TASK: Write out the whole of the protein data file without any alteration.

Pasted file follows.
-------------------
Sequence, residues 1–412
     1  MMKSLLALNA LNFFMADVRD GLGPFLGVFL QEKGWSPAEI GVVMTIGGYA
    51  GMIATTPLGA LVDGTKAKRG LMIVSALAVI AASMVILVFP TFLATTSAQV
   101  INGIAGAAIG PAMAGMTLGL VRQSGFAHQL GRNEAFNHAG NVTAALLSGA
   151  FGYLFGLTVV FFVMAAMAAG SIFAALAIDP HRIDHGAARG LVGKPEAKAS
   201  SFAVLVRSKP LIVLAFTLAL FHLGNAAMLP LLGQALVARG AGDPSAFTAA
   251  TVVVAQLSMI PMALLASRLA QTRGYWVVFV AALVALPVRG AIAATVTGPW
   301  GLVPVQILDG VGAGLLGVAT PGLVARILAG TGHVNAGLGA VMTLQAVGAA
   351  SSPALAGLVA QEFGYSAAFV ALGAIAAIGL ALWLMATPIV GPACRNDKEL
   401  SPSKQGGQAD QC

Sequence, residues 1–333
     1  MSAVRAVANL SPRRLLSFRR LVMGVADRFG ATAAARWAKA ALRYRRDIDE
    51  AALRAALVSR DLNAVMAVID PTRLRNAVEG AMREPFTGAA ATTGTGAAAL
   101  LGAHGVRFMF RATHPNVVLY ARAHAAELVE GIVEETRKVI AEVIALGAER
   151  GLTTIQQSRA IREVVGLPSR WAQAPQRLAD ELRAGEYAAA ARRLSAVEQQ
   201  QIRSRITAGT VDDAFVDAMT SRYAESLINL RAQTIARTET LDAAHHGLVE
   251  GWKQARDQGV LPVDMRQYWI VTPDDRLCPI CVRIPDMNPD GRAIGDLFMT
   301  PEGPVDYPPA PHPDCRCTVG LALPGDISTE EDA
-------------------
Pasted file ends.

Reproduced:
Sequence, residues 1–412
     1  MMKSLLALNA LNFFMADVRD GLGPFLGVFL QEKGWSPAEI GVVMTIGGYA
    51  GMIATTPLGA LVDGTKAKRG LMIVSALAVI AASMVILVFP TFLATTSAQV
   101  INGIAGAAIG PAMAGMTLGL VRQSGFAHQL GRNEAFNHAG NVTAALLSGA
   151  FGYLFGLTVV FFVMAAMAAG SIFAALAIDP HRIDHGAARG LVGKPEAKAS
   201  SFAVLVRSKP LIVLAFTLAL FHLGNAAMLP LLGQALVARG AGDPSAFTAA
   251  TVVVAQLSMI PMALLASRLA QTRGYWVVFV AALVALPVRG AIAATVTGPW
   301  GLVPVQILDG VGAGLLGVAT PGLVARILAG TGHVNAGLGA VMTLQAVGAA
   351  SSPALAGLVA QEFGYSAAFV ALGAIAAIGL ALWLMATPIV GPACRNDKEL
   401  SPSKQGGQAD QC

Sequence, residues 1–333
     1  MSAVRAVANL SPRRLLSFRR LVMGVADRFG ATAAARWAKA ALRYRRDIDE
    51  AALRAALVSR DLNAVMAVID PTRLRNAVEG AMREPFTGAA ATTGTGAAAL
   101  LGAHGVRFMF RATHPNVVLY ARAHAAELVE GIVEETRKVI AEVIALGAER
   151  GLTTIQQSRA IREVVGLPSR WAQAPQRLAD ELRAGEYAAA ARRLSAVEQQ
   201  QIRSRITAGT VDDAFVDAMT SRYAESLINL RAQTIARTET LDAAHHGLVE
   251  GWKQARDQGV LPVDMRQYWI VTPDDRLCPI CVRIPDMNPD GRAIGDLFMT
   301  PEGPVDYPPA PHPDCRCTVG LALPGDISTE EDA